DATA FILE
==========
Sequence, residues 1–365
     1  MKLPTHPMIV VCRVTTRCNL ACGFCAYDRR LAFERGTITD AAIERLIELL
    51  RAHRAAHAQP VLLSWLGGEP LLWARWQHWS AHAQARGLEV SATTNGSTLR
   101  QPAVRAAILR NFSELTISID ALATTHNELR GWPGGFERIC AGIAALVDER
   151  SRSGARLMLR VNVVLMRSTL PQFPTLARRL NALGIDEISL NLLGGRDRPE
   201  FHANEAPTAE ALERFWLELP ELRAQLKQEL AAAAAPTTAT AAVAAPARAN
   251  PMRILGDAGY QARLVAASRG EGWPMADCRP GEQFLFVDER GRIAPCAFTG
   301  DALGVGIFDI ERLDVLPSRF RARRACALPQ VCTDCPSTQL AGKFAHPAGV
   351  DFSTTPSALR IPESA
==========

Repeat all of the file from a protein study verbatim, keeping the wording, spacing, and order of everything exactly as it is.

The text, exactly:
Sequence, residues 1–365
     1  MKLPTHPMIV VCRVTTRCNL ACGFCAYDRR LAFERGTITD AAIERLIELL
    51  RAHRAAHAQP VLLSWLGGEP LLWARWQHWS AHAQARGLEV SATTNGSTLR
   101  QPAVRAAILR NFSELTISID ALATTHNELR GWPGGFERIC AGIAALVDER
   151  SRSGARLMLR VNVVLMRSTL PQFPTLARRL NALGIDEISL NLLGGRDRPE
   201  FHANEAPTAE ALERFWLELP ELRAQLKQEL AAAAAPTTAT AAVAAPARAN
   251  PMRILGDAGY QARLVAASRG EGWPMADCRP GEQFLFVDER GRIAPCAFTG
   301  DALGVGIFDI ERLDVLPSRF RARRACALPQ VCTDCPSTQL AGKFAHPAGV
   351  DFSTTPSALR IPESA